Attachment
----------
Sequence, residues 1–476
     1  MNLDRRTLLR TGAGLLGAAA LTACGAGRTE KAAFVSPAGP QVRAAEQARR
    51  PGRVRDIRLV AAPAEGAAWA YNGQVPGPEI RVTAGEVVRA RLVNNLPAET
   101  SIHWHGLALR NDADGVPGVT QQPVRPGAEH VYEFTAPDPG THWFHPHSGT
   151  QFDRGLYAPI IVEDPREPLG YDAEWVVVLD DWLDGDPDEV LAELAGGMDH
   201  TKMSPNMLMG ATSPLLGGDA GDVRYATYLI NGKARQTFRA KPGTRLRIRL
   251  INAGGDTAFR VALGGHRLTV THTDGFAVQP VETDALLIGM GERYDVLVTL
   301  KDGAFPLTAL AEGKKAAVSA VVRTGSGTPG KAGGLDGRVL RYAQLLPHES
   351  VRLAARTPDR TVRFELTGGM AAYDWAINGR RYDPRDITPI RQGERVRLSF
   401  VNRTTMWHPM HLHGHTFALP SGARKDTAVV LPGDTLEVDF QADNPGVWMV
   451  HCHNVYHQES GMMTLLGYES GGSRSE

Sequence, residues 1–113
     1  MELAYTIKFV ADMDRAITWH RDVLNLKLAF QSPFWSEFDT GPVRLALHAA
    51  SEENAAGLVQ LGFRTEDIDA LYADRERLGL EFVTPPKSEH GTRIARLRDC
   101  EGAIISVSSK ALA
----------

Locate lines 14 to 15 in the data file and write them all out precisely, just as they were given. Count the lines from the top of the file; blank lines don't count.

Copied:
    51  SEENAAGLVQ LGFRTEDIDA LYADRERLGL EFVTPPKSEH GTRIARLRDC
   101  EGAIISVSSK ALA